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An all-local Thanksgiving dinner is a lofty goal, but probably impractical (and could add some additional stress to the holiday for sure). Some traditional ingredients, like green beans or corn, have passed their peak harvest season here in Western North Carolina, so if you didn’t freeze some back in September, you might be out of luck now. And you’ll be hard-pressed to find local cranberries or pecans. But there are ways to feature something local in each dish, if you’re up for the challenge!
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roast chicken

As we move into November thoughts turn to holiday feasting, and for many that means a turkey centerpiece. Local turkey is available from several local farms in the region, including Hickory Nut Gap Farm and Dillingham Family Farm, though you will need to order in advance—and act fast! These birds tend to sell out every year. Find a list of farms in the area with local turkeys, and information on how to order them here.

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We never fail to get excited about the fact that we can get locally grown rice in the Western North Carolina mountains. Lee’s One Fortune Farm has had its fall harvest available in limited quantities for the past couple of weeks at many farmers tailgate markets, including purple and brown rice varieties. The flavor of rice this fresh elevates even the simplest preparations, but Korean bibimbap is a dish that can really highlight all the best of your market haul.

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Quiche from Ma Bell France

With the bouts of sunshine and rain we’ve seen through the past week, farmers tailgate markets should be popping with produce and blooms this week. Mother’s Day is Sunday, so make that part of your Friday afternoon or Saturday morning shopping plan. Even if you’re a mid-week market-goer, our guess is that Mom would be happy to be showered in local food love any day of the week.

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McConnell Farms asparagus

Do you follow your favorite farmers on social media? Besides being a great way to get a tantalizing sneak peek into what they’ll bring to market each week, many farmers have taken to advertising special sales in the week before market, which can guide you as you plan your shopping route.

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red sorrel

More harbingers of spring showed up at markets around the region this past weekend. One such pioneer is sorrel, which Jake’s Farm at Asheville City Market-Winter has had for the past two weeks. Read the rest of this entry »

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Apples from Creasman Farms at Asheville City Market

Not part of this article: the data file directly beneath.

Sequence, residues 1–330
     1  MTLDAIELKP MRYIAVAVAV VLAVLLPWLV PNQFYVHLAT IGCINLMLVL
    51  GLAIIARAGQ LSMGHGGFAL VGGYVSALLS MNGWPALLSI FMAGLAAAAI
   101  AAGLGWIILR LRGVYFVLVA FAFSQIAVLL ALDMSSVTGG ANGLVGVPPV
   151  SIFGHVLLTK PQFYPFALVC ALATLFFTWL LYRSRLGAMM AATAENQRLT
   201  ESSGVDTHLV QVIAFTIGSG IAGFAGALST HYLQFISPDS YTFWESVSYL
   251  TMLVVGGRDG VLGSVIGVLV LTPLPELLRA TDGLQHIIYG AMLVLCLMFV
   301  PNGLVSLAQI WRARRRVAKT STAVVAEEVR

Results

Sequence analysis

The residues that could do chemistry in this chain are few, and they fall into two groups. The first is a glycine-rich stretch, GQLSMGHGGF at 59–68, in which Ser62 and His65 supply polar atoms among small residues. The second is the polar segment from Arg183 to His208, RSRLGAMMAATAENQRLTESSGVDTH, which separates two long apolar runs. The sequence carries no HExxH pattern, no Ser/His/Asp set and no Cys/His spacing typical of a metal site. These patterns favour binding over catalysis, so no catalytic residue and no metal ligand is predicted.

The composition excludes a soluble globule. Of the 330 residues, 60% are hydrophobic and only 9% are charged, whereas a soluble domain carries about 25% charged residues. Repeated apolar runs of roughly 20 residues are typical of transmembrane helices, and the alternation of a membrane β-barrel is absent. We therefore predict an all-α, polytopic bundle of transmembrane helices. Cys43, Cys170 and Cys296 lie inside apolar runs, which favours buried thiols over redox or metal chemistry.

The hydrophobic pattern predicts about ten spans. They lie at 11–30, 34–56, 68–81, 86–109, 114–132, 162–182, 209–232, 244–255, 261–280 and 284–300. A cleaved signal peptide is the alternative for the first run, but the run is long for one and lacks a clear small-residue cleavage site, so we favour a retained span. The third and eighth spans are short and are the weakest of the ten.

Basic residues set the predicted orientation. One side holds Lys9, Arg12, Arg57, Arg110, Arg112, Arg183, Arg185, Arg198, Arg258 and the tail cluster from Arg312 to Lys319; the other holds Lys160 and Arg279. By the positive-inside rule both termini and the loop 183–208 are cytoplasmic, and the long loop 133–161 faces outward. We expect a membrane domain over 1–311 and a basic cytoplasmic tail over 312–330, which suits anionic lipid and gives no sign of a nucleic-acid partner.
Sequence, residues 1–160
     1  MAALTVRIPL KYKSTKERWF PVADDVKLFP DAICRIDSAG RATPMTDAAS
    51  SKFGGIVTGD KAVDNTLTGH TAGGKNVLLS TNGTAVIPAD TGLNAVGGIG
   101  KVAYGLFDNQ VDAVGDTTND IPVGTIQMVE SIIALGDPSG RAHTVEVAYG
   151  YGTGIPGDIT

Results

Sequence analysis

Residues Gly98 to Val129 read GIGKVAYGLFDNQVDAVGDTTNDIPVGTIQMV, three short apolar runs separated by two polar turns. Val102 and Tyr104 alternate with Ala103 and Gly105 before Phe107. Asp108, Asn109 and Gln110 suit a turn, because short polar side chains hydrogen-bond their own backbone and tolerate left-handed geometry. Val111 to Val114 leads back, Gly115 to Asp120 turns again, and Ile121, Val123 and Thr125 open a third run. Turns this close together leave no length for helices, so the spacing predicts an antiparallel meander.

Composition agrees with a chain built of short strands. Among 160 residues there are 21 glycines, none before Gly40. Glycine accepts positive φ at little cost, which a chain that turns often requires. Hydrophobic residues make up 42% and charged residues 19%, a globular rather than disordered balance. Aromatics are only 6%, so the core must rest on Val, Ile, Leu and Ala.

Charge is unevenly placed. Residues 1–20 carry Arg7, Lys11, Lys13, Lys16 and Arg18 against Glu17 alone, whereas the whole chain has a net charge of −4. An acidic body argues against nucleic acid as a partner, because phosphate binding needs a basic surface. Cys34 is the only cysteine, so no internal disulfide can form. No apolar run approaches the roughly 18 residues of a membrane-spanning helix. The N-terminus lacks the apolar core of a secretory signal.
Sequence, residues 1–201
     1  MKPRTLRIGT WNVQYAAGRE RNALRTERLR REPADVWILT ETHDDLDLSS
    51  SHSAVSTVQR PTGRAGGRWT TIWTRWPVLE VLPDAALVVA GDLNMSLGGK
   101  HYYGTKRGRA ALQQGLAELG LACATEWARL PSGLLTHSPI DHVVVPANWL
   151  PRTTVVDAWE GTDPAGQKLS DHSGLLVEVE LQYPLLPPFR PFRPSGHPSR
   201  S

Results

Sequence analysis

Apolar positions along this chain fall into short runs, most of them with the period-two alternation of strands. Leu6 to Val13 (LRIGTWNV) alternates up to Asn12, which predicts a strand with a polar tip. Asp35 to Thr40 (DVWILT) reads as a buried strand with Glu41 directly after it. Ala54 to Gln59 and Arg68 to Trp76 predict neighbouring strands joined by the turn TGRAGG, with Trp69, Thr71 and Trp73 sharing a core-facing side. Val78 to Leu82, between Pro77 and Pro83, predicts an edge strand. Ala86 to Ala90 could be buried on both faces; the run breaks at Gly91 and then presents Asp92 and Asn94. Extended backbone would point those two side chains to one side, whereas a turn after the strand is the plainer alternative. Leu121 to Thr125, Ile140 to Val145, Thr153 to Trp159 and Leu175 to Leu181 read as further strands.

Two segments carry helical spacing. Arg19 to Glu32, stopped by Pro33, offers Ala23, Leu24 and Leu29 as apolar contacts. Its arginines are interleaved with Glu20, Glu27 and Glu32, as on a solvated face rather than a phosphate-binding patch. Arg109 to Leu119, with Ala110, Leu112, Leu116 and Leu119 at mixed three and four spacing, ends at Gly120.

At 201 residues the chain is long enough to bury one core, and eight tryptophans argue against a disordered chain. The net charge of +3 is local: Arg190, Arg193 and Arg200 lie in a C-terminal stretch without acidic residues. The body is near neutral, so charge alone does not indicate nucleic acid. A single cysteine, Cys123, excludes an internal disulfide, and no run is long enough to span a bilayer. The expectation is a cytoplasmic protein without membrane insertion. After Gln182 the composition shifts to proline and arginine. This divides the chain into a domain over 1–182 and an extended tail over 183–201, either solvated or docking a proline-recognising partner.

Fruit can be hard to come by in the winter if you’re shopping locally in Western North Carolina. Apples are a rosy-hued exception, and they continue to be available from storage through most of the season. Creasman Farms (Asheville City Market-Winter, Transylvania Farmers Market) usually has ten or so varieties, ranging from the crunchy-tart Arkansas Black to the sweeter, juicier Pink Lady. Read the rest of this entry »

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Carolina Flowers at Asheville City Market-Winter

Can you give your loved one a locally grown Valentine’s Day bouquet, even in midst of winter? Yes, you can!

Carolina Flowers returned to Asheville City Market-Winter a few weeks ago and has anemones, hyacinths, paperwhites, and amaryllis. The farm offers vases of flowers as well as bulbs, which means your gift will last longer than a traditional cut-flower bouquet. Enduring living-plant gifts can also be procured from Finally Farm, which has an assortment of potted succulents in many sizes. Read the rest of this entry »

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crowd at Asheville City Market-Winter

It pays to be an early bird at Asheville City Market-Winter, which often sees a line forming outside the doors of the Asheville Masonic Temple on Saturdays before the 9am opening. Some specialty or sought-after products are in short supply, and often sell out before market’s end.

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escarole

After a stretch of unseasonably warm days, wintry temperatures have returned. Meanwhile, New Year’s resolutions may have you vowing to eat your leafy greens. All of this points clearly to one recourse: make soup.
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